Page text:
Scale in potential seems backwards

In step_methods.hmc.quadpotential.QuadPotentialDiag

The constructor sets

        self.s = s
        self.inv_s = 1. / s
        self.v = v

where v is the “Diagonal of covariance matrix for the potential vector”

But then random and the energy are defined as

    def random(self):
        """Draw random value from QuadPotential."""
        return floatX(normal(size=self.s.shape)) * self.inv_s

    def energy(self, x, velocity=None):
        """Compute kinetic energy at a position in parameter space."""
        if velocity is not None:
            return 0.5 *, velocity)
        return .5 * * x)

This is backwards. You multiply by the scale to get a random sample and divide by the variance to get the pdf of a Gaussian.

Is this a bug? Or there is some intentional implicit transformations here? All the quad potential classes are the same way.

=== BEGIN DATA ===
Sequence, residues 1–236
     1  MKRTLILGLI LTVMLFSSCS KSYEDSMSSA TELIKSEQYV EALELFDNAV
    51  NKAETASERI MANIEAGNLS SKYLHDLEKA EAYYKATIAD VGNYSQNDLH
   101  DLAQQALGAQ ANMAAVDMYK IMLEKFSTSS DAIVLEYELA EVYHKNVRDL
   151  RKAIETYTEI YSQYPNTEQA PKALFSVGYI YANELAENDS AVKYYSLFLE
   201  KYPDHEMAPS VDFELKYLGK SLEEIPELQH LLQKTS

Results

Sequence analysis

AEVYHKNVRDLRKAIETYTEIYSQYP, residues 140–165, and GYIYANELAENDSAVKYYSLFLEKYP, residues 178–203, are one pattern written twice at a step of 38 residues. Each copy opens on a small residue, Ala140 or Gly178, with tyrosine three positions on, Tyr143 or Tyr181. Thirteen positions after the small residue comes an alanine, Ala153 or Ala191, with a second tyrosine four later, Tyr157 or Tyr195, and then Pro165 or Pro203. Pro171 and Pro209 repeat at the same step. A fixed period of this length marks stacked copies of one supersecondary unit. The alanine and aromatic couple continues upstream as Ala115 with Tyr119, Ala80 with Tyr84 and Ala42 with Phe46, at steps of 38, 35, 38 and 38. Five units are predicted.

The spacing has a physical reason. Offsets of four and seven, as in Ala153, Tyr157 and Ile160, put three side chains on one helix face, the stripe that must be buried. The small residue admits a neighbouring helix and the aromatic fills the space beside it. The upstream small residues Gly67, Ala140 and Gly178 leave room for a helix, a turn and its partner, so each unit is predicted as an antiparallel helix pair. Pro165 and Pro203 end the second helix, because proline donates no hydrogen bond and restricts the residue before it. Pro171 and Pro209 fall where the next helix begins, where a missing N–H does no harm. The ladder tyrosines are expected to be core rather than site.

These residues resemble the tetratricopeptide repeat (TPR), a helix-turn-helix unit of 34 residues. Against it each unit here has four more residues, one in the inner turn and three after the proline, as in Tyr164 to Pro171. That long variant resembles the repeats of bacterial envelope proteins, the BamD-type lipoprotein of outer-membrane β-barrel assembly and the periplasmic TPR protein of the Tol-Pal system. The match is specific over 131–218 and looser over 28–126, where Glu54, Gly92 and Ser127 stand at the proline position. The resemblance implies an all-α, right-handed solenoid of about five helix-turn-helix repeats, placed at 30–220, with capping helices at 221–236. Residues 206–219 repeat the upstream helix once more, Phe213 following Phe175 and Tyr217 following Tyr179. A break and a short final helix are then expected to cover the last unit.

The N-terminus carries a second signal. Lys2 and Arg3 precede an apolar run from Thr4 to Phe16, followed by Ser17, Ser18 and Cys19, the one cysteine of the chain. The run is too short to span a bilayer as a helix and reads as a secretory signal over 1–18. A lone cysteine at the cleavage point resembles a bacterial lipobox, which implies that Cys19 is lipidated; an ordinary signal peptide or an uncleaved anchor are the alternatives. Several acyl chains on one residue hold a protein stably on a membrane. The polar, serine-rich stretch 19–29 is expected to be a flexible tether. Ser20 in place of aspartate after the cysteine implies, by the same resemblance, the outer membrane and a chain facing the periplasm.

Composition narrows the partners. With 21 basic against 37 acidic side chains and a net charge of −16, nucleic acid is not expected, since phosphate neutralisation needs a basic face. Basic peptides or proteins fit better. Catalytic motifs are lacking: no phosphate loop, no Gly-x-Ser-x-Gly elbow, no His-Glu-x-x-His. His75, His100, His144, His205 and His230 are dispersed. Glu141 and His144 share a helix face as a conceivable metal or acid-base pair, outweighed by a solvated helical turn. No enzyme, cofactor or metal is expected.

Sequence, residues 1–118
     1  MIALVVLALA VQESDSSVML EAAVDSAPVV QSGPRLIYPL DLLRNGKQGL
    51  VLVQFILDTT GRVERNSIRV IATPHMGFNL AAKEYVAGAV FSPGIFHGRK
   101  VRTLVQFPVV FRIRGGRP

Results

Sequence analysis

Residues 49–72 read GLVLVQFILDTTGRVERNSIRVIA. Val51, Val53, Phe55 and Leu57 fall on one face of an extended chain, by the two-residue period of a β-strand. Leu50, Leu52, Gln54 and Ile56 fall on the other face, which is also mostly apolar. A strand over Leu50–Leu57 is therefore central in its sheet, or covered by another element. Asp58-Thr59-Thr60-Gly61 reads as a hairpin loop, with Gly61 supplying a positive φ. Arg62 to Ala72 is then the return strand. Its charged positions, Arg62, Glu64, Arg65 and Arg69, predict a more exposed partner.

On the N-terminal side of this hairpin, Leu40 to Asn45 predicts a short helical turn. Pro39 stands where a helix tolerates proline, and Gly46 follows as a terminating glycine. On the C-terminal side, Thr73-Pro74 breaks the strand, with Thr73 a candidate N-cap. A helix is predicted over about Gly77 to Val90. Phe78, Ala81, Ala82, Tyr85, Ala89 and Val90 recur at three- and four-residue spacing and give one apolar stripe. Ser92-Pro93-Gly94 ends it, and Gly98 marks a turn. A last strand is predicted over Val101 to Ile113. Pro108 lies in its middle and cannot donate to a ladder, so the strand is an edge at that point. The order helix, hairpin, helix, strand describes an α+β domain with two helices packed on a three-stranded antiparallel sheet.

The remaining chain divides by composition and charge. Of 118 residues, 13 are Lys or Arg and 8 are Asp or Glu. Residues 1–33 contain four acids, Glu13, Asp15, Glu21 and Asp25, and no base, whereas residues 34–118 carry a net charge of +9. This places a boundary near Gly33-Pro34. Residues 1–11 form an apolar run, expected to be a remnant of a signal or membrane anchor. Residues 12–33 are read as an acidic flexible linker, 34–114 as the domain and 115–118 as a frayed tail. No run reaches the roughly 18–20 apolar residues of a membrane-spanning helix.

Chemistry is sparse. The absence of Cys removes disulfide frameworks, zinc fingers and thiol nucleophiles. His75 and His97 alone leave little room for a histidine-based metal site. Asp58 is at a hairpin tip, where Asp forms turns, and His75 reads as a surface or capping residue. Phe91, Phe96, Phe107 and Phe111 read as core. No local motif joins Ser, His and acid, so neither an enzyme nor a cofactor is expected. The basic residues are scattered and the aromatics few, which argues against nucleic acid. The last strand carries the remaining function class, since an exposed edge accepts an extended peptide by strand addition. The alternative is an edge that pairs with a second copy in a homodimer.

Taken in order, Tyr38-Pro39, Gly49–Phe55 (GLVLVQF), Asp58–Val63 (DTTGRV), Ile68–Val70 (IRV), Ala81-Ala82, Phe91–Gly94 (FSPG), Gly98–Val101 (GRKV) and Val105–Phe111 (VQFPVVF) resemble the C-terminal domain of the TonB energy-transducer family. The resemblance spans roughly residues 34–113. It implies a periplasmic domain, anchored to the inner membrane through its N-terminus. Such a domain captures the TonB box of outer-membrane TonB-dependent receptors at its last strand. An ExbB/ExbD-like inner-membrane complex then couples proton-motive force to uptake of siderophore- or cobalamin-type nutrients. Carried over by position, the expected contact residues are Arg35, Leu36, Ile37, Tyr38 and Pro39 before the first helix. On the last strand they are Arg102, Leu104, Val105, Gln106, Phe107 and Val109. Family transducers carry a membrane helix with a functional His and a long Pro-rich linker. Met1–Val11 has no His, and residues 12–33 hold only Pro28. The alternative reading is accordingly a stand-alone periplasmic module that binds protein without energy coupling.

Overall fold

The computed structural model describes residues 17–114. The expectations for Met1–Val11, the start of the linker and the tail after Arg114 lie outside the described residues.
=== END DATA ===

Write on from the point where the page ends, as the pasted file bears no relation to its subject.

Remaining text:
Using the Euclidean-Gaussian kinetic energy, you can set the inverse Euclidean metric to the target covariances (estimated during tuning, e.g. tune=1000). The kinetic energy is computed as 0.5 * p' * M^-1 * p + log|M| + const, if you only take the diagonal of M^-1 that is v above. The momentum is given as Normal(p | 0, M), which you scale with the inverse of the potential vector as above. You can find more information in Betancourt’s paper (chapter 4.2).

Ok, it looks like it is an intentional transformation then. Maybe the variable names should be changed to clarify scale_posterior vs scale_energy.

So, it looks like QuadPotentialDiag() should be called with the (guess-)estimated variances of the posterior. There is also some inconsistency when setting this up via the step classes. Since scaling in HamiltonianMC() seems to refer to the variances whereas scaling in Metropolis() seems to refer to the standard deviation. This has a lot of potential to mess people up.

Yes, that is a good point. The scaling in HMC is actually much more flexible - it could be (the diagonal of) a covariance matrix or a precision matrix. We should have a detail docs to explain the differences.